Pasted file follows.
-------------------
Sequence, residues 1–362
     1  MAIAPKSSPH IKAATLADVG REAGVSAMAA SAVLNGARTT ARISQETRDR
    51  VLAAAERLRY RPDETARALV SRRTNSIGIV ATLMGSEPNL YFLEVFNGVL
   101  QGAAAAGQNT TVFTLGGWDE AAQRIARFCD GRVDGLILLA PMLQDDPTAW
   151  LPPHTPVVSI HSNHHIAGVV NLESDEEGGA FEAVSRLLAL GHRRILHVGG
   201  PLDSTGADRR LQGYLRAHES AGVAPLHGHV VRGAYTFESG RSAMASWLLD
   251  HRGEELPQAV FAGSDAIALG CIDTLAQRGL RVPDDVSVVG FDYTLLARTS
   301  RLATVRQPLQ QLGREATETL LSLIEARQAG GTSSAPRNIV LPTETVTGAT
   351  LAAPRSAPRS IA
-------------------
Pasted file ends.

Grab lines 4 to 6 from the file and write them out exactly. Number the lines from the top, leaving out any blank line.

   101  QGAAAAGQNT TVFTLGGWDE AAQRIARFCD GRVDGLILLA PMLQDDPTAW
   151  LPPHTPVVSI HSNHHIAGVV NLESDEEGGA FEAVSRLLAL GHRRILHVGG
   201  PLDSTGADRR LQGYLRAHES AGVAPLHGHV VRGAYTFESG RSAMASWLLD